Cars

Why is my 7-year-old vehicle using so much oil?

John Paul, AAA Northeast's Car Doctor, answers a question from a reader who’s adding oil at an alarming rate.

The 2015 Volvo V60 Cross Country. Volvo

Q. I am hoping you can shed some light on a problem I am having with my 2015 Volvo S60 T5 with 67,500 miles. The car is using approximately one to one-and-a-half quarts of oil every 1,000 to 1,500 miles. I have read some horror stories about having to replace the entire engine or pistons and rings, etc. I love the car and have had all maintenance done as suggested by Volvo. 

A. There have been many reports of oil consumption on this model Volvo. Volvo did update the oil dipstick and revised the software for the low oil message. At this point you could perform an oil consumption test. This test is normally performed after an oil change, and the oil cap and drain plug are marked with anti-tamper tape. If the engine is determined to use oil outside of what Volvo considers normal, the repair is typically to replace the pistons and piston rings. If the engine block is scored, then the engine is replaced. To my knowledge Volvo has not extended the drivetrain warranty of these vehicles past the standard four year/50,000-mile warranty. If Volvo determines the oil consumption is excessive, I would not be shy about asking for some customer goodwill in getting the car repaired.  If Volvo doesn’t provide any assistance, and considering that the car is almost eight years old, I would just check the oil every 500 miles and add oil as necessary to keep the level full. 

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Q. For purchasing  automobiles, much has changed since I first started researching 10 to 12 years ago. If I try Edmunds or Kelly Blue Book, I can’t  get results without disclosing contact information – which produces a flood of emails and/or calls from dealers. I have heard about Insurance Institute, but I don’t know how up-to-date or reliable they are. Any advice for this car shopper? 

A. First off, if you haven’t been car shopping in a dozen years, prepare for a little sticker shock. In addition to higher prices, the lack of inventory due to supply chain issues has added a premium to many popular vehicles. Regarding where to research, the Insurance Institute for Highway Safety (IIHS.org) and SaferCar.gov provide safety and crash data. You can also look at www.fueleconomy.gov to find out about miles per gallon and other environmental numbers. Yes, car buying sites will definitely be annoying, but you can learn plenty without divulging too much information. Sites like Truecar, which powers AAA car buying service, iseecars.com, and Cargurus have both car buying and editorial content that can help with your search. Also, AAA’s gas watchers guide will give you some repair cost history on used cars.  Then of course always feel free to reach out to me. [email protected]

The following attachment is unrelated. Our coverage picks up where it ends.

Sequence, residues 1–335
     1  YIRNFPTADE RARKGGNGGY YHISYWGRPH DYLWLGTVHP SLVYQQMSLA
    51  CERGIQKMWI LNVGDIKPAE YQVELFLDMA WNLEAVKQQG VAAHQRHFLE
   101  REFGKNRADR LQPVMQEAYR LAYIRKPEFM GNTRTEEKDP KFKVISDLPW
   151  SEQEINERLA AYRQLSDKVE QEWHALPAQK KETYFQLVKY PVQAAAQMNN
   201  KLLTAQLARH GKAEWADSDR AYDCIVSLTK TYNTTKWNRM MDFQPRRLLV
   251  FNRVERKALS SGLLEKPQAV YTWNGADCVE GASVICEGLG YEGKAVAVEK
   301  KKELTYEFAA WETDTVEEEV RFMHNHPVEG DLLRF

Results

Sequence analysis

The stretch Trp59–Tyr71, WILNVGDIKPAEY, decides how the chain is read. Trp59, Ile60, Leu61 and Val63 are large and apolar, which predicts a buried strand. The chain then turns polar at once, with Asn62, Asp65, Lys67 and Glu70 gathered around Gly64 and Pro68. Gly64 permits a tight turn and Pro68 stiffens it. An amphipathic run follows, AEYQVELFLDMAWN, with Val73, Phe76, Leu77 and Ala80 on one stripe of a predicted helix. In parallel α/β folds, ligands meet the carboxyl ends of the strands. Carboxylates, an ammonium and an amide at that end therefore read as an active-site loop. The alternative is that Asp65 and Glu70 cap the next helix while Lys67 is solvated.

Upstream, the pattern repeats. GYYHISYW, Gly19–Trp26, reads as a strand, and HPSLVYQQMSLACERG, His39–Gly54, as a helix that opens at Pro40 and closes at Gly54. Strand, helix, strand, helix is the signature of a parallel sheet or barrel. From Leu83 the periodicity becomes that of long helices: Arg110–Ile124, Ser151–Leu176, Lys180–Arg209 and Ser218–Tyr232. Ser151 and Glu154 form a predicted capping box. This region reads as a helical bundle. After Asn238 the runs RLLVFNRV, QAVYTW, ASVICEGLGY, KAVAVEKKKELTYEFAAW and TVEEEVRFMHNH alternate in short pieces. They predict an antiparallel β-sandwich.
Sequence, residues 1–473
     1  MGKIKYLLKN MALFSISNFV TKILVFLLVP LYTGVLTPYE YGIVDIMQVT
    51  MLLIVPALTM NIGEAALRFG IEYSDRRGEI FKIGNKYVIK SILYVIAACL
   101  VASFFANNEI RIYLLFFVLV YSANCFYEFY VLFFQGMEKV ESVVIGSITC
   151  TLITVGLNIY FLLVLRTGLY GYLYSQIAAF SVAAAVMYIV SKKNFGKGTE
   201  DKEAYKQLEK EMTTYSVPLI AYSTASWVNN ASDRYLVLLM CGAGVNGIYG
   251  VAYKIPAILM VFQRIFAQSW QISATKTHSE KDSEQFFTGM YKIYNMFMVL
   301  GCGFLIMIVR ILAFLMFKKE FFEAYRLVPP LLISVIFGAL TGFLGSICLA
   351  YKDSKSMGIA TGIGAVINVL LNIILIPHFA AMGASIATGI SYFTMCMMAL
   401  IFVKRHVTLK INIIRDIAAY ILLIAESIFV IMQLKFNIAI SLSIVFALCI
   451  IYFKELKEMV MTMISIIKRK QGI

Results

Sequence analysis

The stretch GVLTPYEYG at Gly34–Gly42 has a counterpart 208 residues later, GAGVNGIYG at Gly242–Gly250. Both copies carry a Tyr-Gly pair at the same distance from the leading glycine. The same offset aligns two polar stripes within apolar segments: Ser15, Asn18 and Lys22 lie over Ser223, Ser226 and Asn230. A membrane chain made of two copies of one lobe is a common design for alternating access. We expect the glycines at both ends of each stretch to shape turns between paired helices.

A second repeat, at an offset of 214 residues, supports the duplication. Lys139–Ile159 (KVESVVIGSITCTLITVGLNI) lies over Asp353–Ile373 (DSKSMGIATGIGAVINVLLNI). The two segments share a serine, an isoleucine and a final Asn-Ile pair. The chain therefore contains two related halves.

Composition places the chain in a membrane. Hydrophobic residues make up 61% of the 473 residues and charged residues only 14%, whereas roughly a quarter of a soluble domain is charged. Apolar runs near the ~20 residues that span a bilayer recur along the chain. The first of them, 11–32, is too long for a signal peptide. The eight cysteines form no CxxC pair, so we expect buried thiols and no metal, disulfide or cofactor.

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Q. I’m looking for an economy car and found what seems like a good condition 2015 Ford Focus with relatively low miles. What do you think of these cars, and do you think I can get 10 more years out of it? 

A. The late-model Ford Focus transmissions have been extremely problematic. Ford has replaced clutches as well as reprogrammed the car’s computer system. This has been enough of a problem that there is at least one class-action lawsuit over the  issue. Although it is a decent enough car to drive, considering the Focus track record, I would keep looking. 

Q. This spring I replaced the tires on my 2018 Camaro with a set of high-performance Kumho tires. Before I replaced the tires, the car was averaging 24 miles per gallon. In the winter the mileage was four miles per gallon less, but I assumed that was from the heavier snow tires, winter gas, and more warm up time. So far this summer the car is averaging about 26-27 miles per gallon. Is it possible that a different tire can have such an impact on mileage?

A. I don’t often get questions about fuel economy going up. Tires can have an effect on overall fuel economy, but if the tires are the same size and design, the mileage should be about the same. Although the tires may be the same size designation, they could have a slightly different overall dimension. If the replacement tires are larger or smaller, it will affect the speedometer/odometer reading and change the miles-per-gallon calculation. As an example slightly larger tires will have a lower indicated speed than the stock tires and change the odometer reading. Using a GPS or smartphone app you can measure the vehicle speed more accurately than the speedometer. Having new tires with proper inflation and being a bit more careful how you drive may be the real reasons why your car’s fuel economy improved. 

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John Paul is AAA Northeast’s Car Doctor. He has over 40 years of experience in the automotive business and is an ASE-certified master technician. E-mail your car question to [email protected] Listen to the Car Doctor podcast at johnfpaul.podbean.com.

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